This article was posted on Tnooz in May 2012

importance of imagery in 2012_300pixSo far this year in social media, imagery – photos and videos – have become one of the most important ways in which brands, in any industry, can communicate with their audiences.

In this article, we’ll look at how some of the most popular social channels have recently made significant changes to reflect this, and we’ll give you some ideas on how you can capitalise on this to maximise your online exposure.


Late 2011, Twitter made changes to their brand pages to include better customisation options such as larger header images, better display of logo and tagline, and the option to keep a particular tweet at the top of your time line (this top tweet also auto-expands to reveal an embedded photo or video from Flickr, YouTube or other sources, without requiring the user to take action).


More recently, Facebook introduced the new Timeline format for brand pages again focussing on the use of imagery with the introduction of the cover photo to give brands the opportunity to carefully present themselves with an image, and the highlighting feature – the small star icon in the corner of each post that allows you to expand the post (including any images or videos attached) to its full width.

Facebook cover

The cover photo gives brands the opportunity to carefully present themselves with an image

Facebook highlighting feaure

The highlighting feature allows you to expand a post (including any images or videos attached) to the full width of the wall.


Some might argue the ultimate proof that visual content is king was the launch and incredible growth of Pinterest – a platform that is solely based on using imagery to create colourful ‘Pinboards’ of your favourite links.  Check out our recent handy guide to Pinterest for more information on this new channel.

Google Plus

Let’s not forget Google Plus. One of the greatest success stories from the travel industry in this space is LateRooms – the late reservations site – who just recently reached 500,000 followers. In a recent interview, LateRooms’ Social Media Manager Rich Kemp confirmed one of the key benefits of the Google Plus platform was its ability to display images in a visually pleasing way and also the simple fact that it has more space for photographs in the stream than Facebook’s newsfeed.

And Google certainly know that this is how they have the upper hand on Facebook. Just this week they held a conference in San Francisco specifically aimed at photographers (surely a sign that Google see the great value of imagery) where Vice President of Product for Google Plus, Bradley Horowitz said:  “I feel photos are the lifeblood of our service…They are the way we can most immediately and viscerally connect as human beings.” Venturebeat go as far as stating that Google Plus is set to become ‘your new Flickr’.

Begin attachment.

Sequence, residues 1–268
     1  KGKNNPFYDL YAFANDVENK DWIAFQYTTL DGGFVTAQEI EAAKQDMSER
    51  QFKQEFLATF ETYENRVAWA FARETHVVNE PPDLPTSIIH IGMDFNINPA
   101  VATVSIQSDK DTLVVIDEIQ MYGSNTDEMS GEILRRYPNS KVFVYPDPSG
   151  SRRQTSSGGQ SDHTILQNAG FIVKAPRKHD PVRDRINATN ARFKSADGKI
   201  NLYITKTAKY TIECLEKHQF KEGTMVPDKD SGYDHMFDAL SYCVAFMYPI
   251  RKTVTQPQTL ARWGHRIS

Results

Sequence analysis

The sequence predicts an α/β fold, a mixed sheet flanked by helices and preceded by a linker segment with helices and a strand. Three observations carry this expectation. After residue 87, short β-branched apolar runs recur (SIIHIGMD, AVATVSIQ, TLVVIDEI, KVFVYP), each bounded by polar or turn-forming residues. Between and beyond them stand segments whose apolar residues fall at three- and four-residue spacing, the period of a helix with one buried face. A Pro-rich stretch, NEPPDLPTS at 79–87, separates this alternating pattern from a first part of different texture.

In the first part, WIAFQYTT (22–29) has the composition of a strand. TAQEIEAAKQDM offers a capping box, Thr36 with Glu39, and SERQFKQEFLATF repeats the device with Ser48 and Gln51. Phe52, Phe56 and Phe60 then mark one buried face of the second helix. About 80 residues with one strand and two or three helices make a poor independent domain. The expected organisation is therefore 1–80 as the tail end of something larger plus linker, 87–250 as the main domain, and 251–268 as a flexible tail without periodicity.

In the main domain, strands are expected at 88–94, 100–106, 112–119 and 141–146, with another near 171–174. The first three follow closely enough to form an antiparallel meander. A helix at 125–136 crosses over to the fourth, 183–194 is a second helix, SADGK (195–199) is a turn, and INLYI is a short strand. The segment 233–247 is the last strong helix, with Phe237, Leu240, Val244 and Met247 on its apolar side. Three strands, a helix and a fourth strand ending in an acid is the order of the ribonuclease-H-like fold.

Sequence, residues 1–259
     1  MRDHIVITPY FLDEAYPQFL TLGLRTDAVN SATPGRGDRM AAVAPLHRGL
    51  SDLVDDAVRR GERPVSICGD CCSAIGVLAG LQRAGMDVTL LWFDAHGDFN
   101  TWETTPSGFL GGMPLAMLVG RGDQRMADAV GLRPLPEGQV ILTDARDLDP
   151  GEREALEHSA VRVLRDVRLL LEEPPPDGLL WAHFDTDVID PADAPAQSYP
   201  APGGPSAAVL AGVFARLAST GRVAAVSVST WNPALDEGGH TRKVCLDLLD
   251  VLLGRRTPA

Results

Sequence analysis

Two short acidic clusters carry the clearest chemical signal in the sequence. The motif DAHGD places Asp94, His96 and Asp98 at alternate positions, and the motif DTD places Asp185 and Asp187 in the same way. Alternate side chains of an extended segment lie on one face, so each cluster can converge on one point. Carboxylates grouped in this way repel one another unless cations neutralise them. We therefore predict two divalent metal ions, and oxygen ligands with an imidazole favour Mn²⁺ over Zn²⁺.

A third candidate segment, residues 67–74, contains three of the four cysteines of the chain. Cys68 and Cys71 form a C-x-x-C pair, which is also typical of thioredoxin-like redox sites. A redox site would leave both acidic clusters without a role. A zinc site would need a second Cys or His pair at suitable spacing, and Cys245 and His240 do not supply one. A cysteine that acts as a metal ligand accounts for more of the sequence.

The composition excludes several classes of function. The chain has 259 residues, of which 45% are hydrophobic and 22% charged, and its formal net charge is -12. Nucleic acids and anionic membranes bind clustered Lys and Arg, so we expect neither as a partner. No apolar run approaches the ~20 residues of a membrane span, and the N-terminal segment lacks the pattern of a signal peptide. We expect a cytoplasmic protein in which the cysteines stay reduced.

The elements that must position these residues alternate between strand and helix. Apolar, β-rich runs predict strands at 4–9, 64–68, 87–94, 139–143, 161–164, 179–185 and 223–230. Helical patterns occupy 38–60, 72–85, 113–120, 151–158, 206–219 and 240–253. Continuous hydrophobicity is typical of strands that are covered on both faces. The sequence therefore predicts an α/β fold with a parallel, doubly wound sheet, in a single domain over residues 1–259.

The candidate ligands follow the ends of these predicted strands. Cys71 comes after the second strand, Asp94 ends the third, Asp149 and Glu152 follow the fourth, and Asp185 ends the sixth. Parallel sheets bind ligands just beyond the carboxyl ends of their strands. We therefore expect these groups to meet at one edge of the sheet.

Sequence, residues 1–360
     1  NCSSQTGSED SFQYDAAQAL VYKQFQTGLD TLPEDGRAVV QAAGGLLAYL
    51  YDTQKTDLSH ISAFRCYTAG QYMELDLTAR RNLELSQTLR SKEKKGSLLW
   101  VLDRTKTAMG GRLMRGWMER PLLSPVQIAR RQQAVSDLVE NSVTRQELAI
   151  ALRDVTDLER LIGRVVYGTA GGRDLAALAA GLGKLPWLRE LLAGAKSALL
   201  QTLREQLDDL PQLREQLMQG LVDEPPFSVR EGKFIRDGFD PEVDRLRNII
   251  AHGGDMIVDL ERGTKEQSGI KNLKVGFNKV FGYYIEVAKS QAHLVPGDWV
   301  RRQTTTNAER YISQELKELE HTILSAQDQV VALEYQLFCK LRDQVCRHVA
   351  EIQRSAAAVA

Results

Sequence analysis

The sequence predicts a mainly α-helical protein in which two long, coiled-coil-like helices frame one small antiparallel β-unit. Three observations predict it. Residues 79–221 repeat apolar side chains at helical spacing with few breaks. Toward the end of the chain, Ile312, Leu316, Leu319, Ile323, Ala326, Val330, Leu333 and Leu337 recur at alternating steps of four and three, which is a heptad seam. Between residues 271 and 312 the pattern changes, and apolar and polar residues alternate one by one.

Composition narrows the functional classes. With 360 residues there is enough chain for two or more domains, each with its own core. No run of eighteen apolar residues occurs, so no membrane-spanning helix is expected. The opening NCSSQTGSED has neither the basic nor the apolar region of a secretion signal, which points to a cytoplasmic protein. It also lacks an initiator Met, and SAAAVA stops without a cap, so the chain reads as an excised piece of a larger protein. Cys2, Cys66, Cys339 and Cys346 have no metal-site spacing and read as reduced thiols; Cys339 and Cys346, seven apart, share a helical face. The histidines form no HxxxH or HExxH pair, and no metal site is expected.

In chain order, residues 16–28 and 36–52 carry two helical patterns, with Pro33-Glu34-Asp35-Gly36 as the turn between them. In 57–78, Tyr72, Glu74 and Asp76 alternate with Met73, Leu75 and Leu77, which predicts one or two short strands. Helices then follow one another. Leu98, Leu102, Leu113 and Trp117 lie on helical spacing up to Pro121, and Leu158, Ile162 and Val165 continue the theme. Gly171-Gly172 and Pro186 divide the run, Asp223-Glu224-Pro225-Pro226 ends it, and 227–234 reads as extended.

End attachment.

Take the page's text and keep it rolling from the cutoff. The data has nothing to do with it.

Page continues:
LateRooms Google Plus

Google Plus profiles display images in a visually pleasing way

Here at Digital Visitor, we have known for years that imagery (particularly user generated photos and videos), is one of the most engaging forms of marketing and over the past six months, we’ve seen how the major social channels have made significant changes to favour visual content. What does this mean for your brand? Quite simply, you need to gather visual content to display on your social channels, and one of the best ways to do this is to capture your own content.

In regards to capturing your own content, one of the easiest ways to do this is to enable review functionality on your very own website – however the main focus should be capture photos and videos (not just text). Our award-winning solution has been developed with this in mind, so users are able to quickly and easily upload photos and videos. Another key feature of our solution is that this content is then automatically shared to the user’s individual social channels, exposing your brand to new audiences.

You should also consider capturing photos and videos via your social channels.  For example, on Facebook, you could run a competition whereby the entry mechanism entails that they upload a photo. Take this opportunity to specify what content you want for example e.g. best wildlife photo or best beach photo.  Alternatively, you could also offer an incentive for people to upload content  e.g. a discount voucher.

No matter which social platform your business is using, you can’t afford to underestimate the power of imagery – they can convey thoughts, ideas, events and experiences far better than words alone.

Get in touch to find out how we can help your company to maximise your social media marketing with social applications and campaigns. Call 0117 905 5195 or email

Do you agree that imagery, particularly user generated photos and videos, is one of the most engaging forms of marketing?